3   Activity Diagram March 2000 3-145 . contained by the least common containing state of the regions it is syn chronizing.3 Example Build House Build Frame Install Foundation Put On Roof Install Walls Inspect * Install Electricity In Foundation Install Electricity In Frame * Install Electricity Outside y Figure 3-71 Synch s tates 3. £ § x Part 10 . It re presents a state m achine of a p rocedure itself.1 Semantics An activity graph is a variation of a state machine in which the states represent the performance of ac tions or sub activities and th e transitions are trigg ered by the com pletion of the actions or sub activities.83.83 Activity Diagram ¡ 3. 3 ¨ OMG-UML V1.Activity Diagrams 3.82.4 Mapping A synch state circle maps into a SynchState. A star ('* ') inside the syn ch state circle maps to a value of Unlimited for the bo und attrib ute.82. The n umber insid e it maps onto th e bound attribute of the synch state.3 3.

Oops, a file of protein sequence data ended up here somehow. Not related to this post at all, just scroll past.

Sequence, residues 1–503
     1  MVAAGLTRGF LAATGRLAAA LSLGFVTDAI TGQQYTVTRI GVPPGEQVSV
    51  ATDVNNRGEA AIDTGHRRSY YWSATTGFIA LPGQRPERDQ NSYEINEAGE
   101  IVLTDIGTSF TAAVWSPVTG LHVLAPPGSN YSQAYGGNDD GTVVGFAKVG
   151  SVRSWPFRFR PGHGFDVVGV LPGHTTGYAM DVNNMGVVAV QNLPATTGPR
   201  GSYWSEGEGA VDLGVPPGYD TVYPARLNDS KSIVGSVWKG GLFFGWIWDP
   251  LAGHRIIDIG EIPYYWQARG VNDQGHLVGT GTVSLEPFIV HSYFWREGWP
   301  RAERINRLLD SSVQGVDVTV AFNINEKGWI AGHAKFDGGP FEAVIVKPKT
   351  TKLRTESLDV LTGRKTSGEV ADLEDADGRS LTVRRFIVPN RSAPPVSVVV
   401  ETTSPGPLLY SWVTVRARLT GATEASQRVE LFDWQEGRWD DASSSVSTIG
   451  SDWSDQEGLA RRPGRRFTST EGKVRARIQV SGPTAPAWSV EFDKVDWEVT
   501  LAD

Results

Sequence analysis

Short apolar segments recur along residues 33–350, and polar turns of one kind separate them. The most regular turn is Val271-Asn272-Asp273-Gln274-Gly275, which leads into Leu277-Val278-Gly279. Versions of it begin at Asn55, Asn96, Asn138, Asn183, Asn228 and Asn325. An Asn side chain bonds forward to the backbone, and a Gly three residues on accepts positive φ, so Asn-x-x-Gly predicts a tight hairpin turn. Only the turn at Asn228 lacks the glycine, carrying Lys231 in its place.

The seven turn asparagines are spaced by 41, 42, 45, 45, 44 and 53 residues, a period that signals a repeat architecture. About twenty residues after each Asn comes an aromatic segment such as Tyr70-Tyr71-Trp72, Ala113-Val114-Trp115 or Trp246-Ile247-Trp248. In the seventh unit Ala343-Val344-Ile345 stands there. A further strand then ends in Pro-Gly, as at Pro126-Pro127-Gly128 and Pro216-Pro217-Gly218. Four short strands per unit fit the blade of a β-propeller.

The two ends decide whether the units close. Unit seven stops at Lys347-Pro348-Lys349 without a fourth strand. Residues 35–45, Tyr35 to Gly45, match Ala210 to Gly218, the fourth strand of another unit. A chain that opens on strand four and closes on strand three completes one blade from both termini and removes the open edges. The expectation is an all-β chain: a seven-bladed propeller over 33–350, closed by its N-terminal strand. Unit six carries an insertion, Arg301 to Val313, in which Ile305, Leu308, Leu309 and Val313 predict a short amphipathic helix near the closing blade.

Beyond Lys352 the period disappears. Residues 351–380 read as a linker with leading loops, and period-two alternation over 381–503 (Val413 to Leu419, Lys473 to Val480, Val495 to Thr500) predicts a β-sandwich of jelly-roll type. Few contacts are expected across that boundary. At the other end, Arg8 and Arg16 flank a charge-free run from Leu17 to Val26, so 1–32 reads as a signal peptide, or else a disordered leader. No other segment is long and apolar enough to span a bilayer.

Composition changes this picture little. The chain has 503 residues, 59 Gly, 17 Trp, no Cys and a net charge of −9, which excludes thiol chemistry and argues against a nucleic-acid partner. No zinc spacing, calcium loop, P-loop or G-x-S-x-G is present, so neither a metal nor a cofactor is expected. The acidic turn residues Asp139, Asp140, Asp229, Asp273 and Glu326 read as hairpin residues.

Use acti vity d iagrams in situatio ns wh ere all or m ost o f the events represent the com pletion of internally-generated actions (that is.3 March 2000 . proced ural flow of control). The entire activity diag ram is attach ed (through the model) to a class. The purpose of this diagram is to focu s on flows driven by internal processing (as opposed to e xternal events). Use ordinary state diag rams in situa tions where asyn chronous events occ ur. such as a use case.83. or to the implementation of an operation.2 Notation An activity diag ram is a specia l case o f a state d iagram in wh ich a ll (o r at lea st most) of the states are actio n or subactivity states and in wh ich all (o r at least mo st) of the transitions are trigg ered by com pletion of the action s or subactivities in the so urce states. ¦ ¥ © £ s ¤ 1 © ¥ 3-146   OMG-UML V1. o r to a package.3 3.

83.3 3.3 Example Person::Prepare Beverage Find Beverage [no coffee] [no cola] [found cola] [found coffee] Turn on Machine /coffeePot.turnOn … Brew coffee light goes out Pour Coffee Drink „ Figure 3-72 Activity Diagram OMG-UML V1.3  Activity Diagram March 2000 € Put Filter in Machine ƒ  Add Water to Reservoir ‚ € Put Coffee in Filter Get Cups Get cans of cola 3-147 .